The Age

Living LegEnds

Author: Ben Butler

They’ve had record companies salivating over them and sold thousands, but the Living End say they still pay rent. BEN BUTLER was in the EMI boardroom to make them walk the un-punk plank.

Rebellion is a commodity that can be bought and sold like any other. The Living End are rebellious, their hit single Prisoner Of Society a short, punkish stab of anti-authoritarian sentiment. “We don’t need no one/To tell us what to do”. And the kids have bought it – in bulk. This week, the band’s self-titled album made its debut at number one on the ARIA chart, knocking off dinosaur rockers Cold Chisel. Their record company EMI expects it to go gold (35,000 sales) by the time you read this (industry sources say it has probably sold more than 50,000 already). On Tuesday night, Prisoner Of Society won an ARIA for best-selling single of the year.

And why not? They’ve got everything a hit rock band needs; they’re fast, exciting and have catchy tunes – as well as a twist, in the form of a double bass player.

Just don’t call them punk – despite the number of times the word is used in their publicity material, it’s clear the band have a problem with it.

“The Living End is not a f–king punk band, for God’s sake,” says guitarist-singer Chris Cheney. “The same as we’re not a rockabilly band, we’re not a blues band; we’re just a band. I don’t want to be called a punk band.”

“I don’t care what anybody calls us,” chips in drummer Trav Demsey. “It’s bizarre. It’s just a generic term to label something you don’t know the full scope of.” Demsey says punk is about doing your own thing. “With the word punk – it’s easy to slap on some surf gear and watch a lot of surf videos and say ‘I’m into punk’. Tina Arena doing her own thing – she’s punk… a lot more than these people in f–kin’ punk bands who go ‘yeah, we’ll never sell out’ – and then the next minute they’re trying to sell their songs for the next surf video for Billabong.”

Despite not wanting to be identified as punks musically, the band still see themselves as being – somehow – punk-rock in the way they do business. “We have punk ethics in the fact that it’s a very do-it-yourself band,” says Demsey. “We have a management team that we dictate what we want to do and then they pretty much help us achieve that.

“We say, ‘Gee, we’d like to go to Tasmania and play.’ And people go, ‘Oh, what for? You’ll only get two gigs, you’ll lose money.’ It’s like: who gives a shit? We wanna go and play. That’s a lot more punk than some of these punk bands.”

 And the scene of this interview? The EMI boardroom.

“No that is punk, you see,” says Cheney, “because no one else wants to do it because it would be seen as un-punk.”

“You came here to get the interview from us,” says Demsey. “That’s very un-punk, isn’t it? Why didn’t you go and get a band that needs to be discovered? Instead you come to a band that people already want to read about. I think that’s pretty lame, Ben! We’ve not changed. We’re still the same people. We still pay rent.”

The band seem to see no contradiction between the anti-war sentiments of their new single Save The Day and being distributed and promoted by EMI – although another part of the EMI conglomerate, Thorn EMI, makes missile guidance systems (among other things).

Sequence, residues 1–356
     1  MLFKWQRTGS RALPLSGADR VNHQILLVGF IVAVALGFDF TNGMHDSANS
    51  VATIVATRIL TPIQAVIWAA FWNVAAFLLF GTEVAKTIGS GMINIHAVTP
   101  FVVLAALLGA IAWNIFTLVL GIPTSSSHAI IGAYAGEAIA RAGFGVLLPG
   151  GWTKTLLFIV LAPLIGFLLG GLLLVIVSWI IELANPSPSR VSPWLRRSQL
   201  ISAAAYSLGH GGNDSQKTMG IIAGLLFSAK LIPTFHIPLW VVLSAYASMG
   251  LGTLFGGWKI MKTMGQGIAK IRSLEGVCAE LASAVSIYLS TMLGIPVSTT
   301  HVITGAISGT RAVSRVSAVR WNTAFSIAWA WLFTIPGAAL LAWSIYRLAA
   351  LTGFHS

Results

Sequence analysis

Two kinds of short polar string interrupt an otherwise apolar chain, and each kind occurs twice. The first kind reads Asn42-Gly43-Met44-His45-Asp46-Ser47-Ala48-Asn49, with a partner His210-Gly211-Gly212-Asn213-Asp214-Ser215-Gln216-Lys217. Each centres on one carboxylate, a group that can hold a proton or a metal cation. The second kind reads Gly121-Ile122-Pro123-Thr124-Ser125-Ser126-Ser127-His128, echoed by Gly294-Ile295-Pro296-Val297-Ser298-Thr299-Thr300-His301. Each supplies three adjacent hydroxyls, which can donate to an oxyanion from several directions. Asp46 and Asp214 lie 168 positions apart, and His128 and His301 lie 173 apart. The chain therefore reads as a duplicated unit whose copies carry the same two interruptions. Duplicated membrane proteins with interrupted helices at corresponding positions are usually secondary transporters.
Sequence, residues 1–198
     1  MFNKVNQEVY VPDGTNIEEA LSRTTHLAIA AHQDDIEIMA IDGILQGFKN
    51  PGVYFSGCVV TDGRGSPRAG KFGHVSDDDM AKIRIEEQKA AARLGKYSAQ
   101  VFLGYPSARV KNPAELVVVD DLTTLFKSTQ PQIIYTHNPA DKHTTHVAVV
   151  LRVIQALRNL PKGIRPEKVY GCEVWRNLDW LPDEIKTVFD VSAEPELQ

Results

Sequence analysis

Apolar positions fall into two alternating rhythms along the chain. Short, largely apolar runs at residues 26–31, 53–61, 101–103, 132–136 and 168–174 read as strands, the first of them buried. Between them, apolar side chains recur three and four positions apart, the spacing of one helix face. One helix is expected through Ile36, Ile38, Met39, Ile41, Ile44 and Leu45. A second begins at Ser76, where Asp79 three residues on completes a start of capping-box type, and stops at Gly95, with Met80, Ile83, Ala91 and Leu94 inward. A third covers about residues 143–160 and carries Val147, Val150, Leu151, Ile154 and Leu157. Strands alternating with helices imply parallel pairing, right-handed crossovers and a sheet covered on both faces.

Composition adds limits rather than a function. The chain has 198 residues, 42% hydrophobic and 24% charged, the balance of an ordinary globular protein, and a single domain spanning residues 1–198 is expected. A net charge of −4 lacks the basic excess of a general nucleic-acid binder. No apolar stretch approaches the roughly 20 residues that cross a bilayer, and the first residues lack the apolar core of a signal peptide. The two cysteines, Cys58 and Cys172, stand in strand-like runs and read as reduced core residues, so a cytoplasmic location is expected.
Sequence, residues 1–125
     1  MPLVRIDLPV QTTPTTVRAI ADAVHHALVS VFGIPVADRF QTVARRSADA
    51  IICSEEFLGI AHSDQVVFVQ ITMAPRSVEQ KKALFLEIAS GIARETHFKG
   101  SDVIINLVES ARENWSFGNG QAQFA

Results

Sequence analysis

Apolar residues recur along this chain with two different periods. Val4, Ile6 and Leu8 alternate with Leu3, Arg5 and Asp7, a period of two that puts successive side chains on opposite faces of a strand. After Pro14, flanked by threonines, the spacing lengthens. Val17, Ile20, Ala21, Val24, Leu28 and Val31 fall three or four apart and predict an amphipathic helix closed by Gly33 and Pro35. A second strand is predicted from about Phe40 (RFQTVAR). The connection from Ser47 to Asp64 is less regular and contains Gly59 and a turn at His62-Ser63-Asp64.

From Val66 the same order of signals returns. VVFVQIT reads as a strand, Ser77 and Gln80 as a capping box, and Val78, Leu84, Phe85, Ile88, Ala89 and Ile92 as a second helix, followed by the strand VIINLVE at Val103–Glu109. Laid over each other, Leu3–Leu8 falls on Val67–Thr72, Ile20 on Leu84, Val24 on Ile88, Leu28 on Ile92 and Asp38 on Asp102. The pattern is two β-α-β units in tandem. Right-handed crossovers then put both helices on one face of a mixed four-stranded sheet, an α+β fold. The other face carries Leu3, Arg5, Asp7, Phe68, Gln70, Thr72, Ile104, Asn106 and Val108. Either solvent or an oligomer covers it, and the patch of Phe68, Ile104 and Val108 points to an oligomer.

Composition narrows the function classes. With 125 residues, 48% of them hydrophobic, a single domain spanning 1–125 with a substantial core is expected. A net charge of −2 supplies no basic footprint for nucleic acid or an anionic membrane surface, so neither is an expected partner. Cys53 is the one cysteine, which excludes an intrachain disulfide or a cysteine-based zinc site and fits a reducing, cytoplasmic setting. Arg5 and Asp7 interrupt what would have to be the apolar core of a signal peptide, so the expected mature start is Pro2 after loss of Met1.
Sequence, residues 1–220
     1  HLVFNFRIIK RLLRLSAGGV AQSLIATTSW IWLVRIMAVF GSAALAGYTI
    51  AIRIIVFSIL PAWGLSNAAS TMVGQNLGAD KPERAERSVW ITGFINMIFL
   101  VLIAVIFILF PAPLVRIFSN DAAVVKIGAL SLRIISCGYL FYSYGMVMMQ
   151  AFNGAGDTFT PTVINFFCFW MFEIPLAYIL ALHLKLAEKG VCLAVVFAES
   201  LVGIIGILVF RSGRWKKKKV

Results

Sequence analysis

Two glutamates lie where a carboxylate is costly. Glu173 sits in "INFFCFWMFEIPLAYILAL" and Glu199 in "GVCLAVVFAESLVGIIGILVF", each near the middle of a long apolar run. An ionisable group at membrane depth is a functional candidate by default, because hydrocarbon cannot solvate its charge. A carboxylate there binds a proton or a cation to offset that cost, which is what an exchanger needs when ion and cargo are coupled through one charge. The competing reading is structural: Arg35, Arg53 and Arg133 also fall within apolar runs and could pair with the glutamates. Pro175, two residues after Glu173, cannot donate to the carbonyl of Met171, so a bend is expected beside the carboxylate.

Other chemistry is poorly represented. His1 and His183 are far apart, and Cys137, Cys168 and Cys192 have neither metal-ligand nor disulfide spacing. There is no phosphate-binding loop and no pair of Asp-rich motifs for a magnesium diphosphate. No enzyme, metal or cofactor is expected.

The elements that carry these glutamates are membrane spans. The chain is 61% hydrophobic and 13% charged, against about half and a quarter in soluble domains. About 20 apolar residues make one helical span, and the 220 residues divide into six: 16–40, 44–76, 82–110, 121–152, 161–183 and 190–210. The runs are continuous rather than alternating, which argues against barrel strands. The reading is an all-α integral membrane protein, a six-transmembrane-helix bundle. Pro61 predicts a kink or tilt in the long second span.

Even though the band don’t really comprehend their own commodification, they see it in others. Korn, for instance. “I know they’re probably really into what they’re doing and they’re great musos,” says Cheney. “But you can’t help thinking it’s kind of throwaway instant” – he snaps his fingers – “get the kids singing, that’s all there is to it. Bring out the next single. They’ve gone for the hard-hitting angle of sex, or the f-word.”

Cheney’s songs don’t have swearing in them. “I’ve never written it in my lyrics, really,” he says. He tries to make his words “Not too heavy, not too light, just right… I more lean towards songwriting from the punk era, songs that have a message and make you think, and you can get something out of it if you want. But I don’t think we write songs that are that deep or anything.”

Indeed, it’s difficult to see anyone holding up Prisoner Of Society with its “You’ll see it’s an emergency/You’ll see I’m not the enemy/Just a prisoner of society” as a lasting poetic legacy of the late 20th century.

Their gigs have drawn criticism – at one show at Richmond’s Corner Hotel, the queue of punters desperate to get in stretched around the corner. “We got there and there were lines like we’d never seen before, and I was thinking ‘Uh Oh,” says Demsey.

The gig sold out, and some disconsolate fans were convinced it was a publicity stunt. The band says otherwise. “We were panicking we wouldn’t get enough people to the Corner,” says Cheney. The band says the Corner shows were booked two months ahead and although they wanted to play another gig they were due to leave the country the next week. “Wouldn’t we have looked like dickheads if we thought we were bigger than we actually were?” Demsey asks. “We could have said,” he slaps a fist into his palm, ‘Get the Palace on the f–kin’ phone, we’re gonna rock the joint.’”

The Living End play the Hallam Hotel on Wednesday; Warragul’s Exhibition Hall (all ages) on Thursday; three gigs at the Hi-Fi Bar, city-two on 31 October (one all ages) and an over-18s on 2 November; Geelong’s Wool Exchange on the 4th and Warrnambool’s Lady Bay Hotel on the 5th.